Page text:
IEA, OPEC, EIA Send Mixed Signals to Oil Investors
It has been a dizzying few days of data for the oil market, and investors are still taking stock.
Oil prices fell on Thursday morning after the International Energy Agency released its closely watched monthly market report. Investors focused on the Paris-based group’s rising estimates for production from the Organization of the Petroleum Exporting Countries, the 14-nation cartel that is actually supposed to be cutting its output.
“OPEC crude output hit its highest level in 2017, at 32.6 million barrels a day, driven by Libya, Nigeria and Saudi Arabia,” Christopher Alessi reports in the Journal.
But the pessimism was tempered by another data point in the IEA report: Accelerating demand. Petroleum consumption growth jumped to 1.5 million barrels a day in the second quarter, after registering an anemic 1 million barrels a day in the first three months of 2017.
The IEA data was released a day after OPEC’s own monthly report came out and the U.S. Energy Information Administration’s weekly release of American crude-storage levels. The EIA data sent oil prices climbing on Wednesday before their fall on Thursday because inventory levels fell by 7.6 million barrels in the week ended Friday.
“That is more than double the draw estimated by analysts surveyed by The Wall Street Journal and nearly confirmed a drawdown of 8.1 million barrels that the American Petroleum Institute estimated Tuesday evening,” Timothy Puko writes in the Journal.
Iran Is Optimistic About Its Energy Industry. Big Oil, Not So Much
Iranian oil-industry officials have used the World Petroleum Congress in Istanbul as a sort of coming out party for their sector since French oil giant Total SA signed a $1 billion deal to develop a gas field.
Deputy Oil Minister Amir Hossein Zamaninia sat on a panel with BP PLC Bob Dudley and an American energy industry lobbyist, cracking jokes and touting his industry’s readiness for investment.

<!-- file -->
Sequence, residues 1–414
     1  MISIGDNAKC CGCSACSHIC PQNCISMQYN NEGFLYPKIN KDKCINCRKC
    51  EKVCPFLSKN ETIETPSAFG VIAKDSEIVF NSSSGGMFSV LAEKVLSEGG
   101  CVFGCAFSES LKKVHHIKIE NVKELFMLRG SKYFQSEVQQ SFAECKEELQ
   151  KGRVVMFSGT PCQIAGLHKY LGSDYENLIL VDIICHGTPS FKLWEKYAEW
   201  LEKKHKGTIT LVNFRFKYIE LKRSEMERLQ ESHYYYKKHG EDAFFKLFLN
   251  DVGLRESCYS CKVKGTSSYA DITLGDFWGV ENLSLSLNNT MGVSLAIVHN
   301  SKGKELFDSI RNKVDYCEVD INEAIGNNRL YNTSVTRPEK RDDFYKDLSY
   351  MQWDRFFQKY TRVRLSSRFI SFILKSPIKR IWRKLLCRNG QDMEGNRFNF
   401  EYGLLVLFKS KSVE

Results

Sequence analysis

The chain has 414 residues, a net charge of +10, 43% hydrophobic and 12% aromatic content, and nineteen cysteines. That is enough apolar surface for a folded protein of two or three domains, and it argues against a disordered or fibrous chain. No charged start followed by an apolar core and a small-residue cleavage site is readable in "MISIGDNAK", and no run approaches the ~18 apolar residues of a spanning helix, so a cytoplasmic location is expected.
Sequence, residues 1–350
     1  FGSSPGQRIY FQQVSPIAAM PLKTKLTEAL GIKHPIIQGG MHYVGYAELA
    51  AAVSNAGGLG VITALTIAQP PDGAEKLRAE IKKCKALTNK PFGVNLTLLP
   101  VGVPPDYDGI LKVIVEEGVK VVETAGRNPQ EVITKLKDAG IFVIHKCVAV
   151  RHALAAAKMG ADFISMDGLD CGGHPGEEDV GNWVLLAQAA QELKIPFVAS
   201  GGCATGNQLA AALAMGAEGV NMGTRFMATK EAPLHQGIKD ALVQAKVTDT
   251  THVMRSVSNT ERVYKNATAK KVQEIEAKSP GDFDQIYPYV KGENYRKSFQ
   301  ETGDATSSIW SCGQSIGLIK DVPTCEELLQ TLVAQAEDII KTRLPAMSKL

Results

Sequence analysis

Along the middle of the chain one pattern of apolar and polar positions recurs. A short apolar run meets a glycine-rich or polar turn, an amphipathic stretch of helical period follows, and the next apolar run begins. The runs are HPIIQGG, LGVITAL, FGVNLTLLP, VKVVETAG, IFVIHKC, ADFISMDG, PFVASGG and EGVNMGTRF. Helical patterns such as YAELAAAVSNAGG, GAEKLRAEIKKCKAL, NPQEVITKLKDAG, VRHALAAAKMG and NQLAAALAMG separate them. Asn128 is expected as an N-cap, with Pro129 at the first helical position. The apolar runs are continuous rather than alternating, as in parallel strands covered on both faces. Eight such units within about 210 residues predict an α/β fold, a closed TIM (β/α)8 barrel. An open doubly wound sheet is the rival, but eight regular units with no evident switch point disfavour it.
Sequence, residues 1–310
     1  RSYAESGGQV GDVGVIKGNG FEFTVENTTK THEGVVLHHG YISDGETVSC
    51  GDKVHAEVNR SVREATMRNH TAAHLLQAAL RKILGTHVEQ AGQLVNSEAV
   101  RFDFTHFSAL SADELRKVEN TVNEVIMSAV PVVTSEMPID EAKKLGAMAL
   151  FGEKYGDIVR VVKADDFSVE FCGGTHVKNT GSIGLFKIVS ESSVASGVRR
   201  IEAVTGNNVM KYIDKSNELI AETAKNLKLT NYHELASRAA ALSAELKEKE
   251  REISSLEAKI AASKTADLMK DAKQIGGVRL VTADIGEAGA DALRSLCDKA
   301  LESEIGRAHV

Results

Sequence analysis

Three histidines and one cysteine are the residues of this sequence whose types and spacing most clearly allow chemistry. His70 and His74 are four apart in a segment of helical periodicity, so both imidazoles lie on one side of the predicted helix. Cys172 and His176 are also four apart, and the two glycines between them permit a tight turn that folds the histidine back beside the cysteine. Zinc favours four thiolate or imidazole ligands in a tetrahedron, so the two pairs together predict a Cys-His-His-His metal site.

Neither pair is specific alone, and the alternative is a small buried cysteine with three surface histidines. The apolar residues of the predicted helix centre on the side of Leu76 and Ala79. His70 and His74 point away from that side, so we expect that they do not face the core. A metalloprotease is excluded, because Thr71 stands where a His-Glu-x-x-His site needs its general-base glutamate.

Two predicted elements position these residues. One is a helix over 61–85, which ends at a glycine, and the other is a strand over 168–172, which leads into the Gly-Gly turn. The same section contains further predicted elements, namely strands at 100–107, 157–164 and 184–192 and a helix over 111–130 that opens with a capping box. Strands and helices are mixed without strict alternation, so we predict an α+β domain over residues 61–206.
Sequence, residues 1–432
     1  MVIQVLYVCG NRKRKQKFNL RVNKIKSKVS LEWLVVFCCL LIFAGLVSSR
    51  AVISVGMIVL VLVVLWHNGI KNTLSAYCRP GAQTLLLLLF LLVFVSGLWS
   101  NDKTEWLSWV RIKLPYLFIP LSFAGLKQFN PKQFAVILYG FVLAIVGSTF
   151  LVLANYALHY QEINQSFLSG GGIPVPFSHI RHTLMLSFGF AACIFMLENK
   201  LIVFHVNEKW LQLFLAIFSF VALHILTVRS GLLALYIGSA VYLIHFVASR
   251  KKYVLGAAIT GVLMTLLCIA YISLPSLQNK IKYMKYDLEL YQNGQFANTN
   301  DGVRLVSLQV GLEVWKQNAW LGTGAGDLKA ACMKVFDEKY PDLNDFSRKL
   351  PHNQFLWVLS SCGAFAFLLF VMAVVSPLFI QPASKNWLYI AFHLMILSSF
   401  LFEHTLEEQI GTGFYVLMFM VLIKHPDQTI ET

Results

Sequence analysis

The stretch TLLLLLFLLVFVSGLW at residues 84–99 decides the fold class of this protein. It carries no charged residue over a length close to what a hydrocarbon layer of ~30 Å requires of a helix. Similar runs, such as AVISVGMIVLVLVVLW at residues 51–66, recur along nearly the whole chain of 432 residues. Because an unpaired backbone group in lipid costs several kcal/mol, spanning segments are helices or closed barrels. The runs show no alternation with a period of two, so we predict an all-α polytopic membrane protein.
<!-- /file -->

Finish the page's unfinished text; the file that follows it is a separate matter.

“We think that the situation is normal enough now for major international oil business to get engaged in Iran,” Mr. Zamaninia said.
But BP and other big oil companies are moving cautiously with Iran, despite the breakthrough by Total. Mr. Dudley told reporters that BP has other projects that have to come first before he would look at going into Iran. Royal Dutch Shell PLC has signed a preliminary agreement to explore work in Iran but a spokeswoman said “it is too early to discuss potential Shell investment in any project.”
A Gusher in the Gulf of Mexico
An early entrant into Mexico’s revamped oil industry “has struck it big with a significant oil discovery in Mexican waters,” write Robbie Whelan and Anthony Harrup from Mexico City.
Premier Oil PLC, of the U.K., Talos Energy of Houston and Sierra Oil & Gas of Mexico say they have discovered a “world-class” oil field with between 1.4 billion to 2 billion barrels of light crude.
“The discovery, along with strong interest from foreign investors in recent oil and gas auctions, is a boon for the Mexican government, which in 2014 opened up the country’s energy industry to private investment after 76 years of state ownership,” the Journal reports.